SIREN citizen science project: involvement of fishermen in the conservation of aquatic biodiversity
In Cameroon, as in many low-income countries, megafauna species such as whales, dolphins, manatees, sea turtles, sharks and rays are poorly known. Surveying and monitoring the aquatic environment can be very expensive and the skills required scarce in developing countries. These species remain mainly threatened by poaching, accidental captures and habitat degradation. Without a good knowledge of population dynamics and distribution, they may disappear locally before being scientifically discovered. In response to threats, knowledge and skills gaps, we have set up along the coast of Cameroon the first citizen science program associated to aquatic milieu. In 2015 we started the pilot phase of this program with just 10 fishermen and later expanded it to the entire coast of Cameroon with over 80 fishermen reporting opportunistic sightings, bycatch and strandings of aquatic animals that they observe during their daily fishing activities. Fishermen who demonstrated their commitment to reporting their sightings were trained and provided with a smartphone to report information. The information is reported via the SIREN application that we have developed to facilitate and secure the sharing of observations. In the field, the user turns on the location of his phone and opens the application, once an observation is made, he captures an image and inserts it into the application, then follows the steps by considering the status appropriate observed, the species and entering the description and finally send the information. This information including image, species/fact, status, date, location and description is received on the server and characterized to iNaturalist for species identification, then verified and validated by a manager. Therefore, the information is available on the freely accessible online map and the Excel database is kept confidential.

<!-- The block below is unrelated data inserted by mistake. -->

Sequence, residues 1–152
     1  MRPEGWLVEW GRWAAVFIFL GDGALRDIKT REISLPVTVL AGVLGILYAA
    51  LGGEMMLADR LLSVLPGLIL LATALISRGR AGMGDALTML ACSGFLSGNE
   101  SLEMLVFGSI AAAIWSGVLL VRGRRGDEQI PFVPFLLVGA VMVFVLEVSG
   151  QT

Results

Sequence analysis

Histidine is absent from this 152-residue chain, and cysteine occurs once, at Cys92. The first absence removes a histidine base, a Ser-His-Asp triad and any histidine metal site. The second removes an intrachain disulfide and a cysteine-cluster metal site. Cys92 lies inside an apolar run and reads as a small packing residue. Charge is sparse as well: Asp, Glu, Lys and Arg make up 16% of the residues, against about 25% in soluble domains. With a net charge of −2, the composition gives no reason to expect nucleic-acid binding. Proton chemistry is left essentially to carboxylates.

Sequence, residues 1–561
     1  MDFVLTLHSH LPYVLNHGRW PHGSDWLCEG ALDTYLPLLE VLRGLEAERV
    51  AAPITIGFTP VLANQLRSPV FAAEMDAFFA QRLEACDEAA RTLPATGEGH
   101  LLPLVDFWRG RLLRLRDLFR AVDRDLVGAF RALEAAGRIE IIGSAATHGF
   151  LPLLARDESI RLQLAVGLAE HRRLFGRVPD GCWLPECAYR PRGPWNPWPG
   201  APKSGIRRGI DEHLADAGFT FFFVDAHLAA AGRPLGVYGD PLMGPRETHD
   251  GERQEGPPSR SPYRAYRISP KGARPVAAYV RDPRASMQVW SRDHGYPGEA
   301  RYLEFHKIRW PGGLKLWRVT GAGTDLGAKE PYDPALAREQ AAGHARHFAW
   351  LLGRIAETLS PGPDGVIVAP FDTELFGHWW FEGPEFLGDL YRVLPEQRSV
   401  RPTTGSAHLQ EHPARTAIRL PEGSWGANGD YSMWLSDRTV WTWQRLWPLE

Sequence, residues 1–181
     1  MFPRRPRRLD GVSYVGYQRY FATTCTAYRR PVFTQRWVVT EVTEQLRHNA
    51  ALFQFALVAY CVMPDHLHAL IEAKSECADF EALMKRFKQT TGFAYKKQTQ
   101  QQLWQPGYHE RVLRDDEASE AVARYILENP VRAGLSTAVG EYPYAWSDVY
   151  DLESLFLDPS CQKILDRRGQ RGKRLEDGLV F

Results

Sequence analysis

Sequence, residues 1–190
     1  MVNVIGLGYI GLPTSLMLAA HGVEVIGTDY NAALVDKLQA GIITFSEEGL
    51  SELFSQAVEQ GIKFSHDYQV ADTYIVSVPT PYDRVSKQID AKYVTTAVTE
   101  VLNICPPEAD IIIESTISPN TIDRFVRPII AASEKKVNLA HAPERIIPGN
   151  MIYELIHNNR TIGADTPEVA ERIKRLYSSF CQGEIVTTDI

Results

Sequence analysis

After five years of effective actions, fishermen have recorded and put online 12,655 observations representing 374 reported species strongly dominated by fish (72.49\\%) followed by elasmobranchs divided into 39 species. Sea turtles are divided into four species mainly represented by the olive ridley. In terms of marine mammals, the only sirenian is the African manatee while cetaceans are represented by eight species of whales and dolphins. When we realized that 97\\% (1476) of marine megafauna accidentally (1514) reported on SIREN were elasmobranchs, with eleven species listed as Critically Endangered, Endangered or Vulnerable by the IUCN, we made the protection of this group our new priority. Our results highlight the critical need for intensified efforts to protect elasmobranchs from overfishing. Through to our Siren project, we were able to successfully advocate for the legal protection of four cetacean species in Cameroon and converted some fishermen into conservation heroes.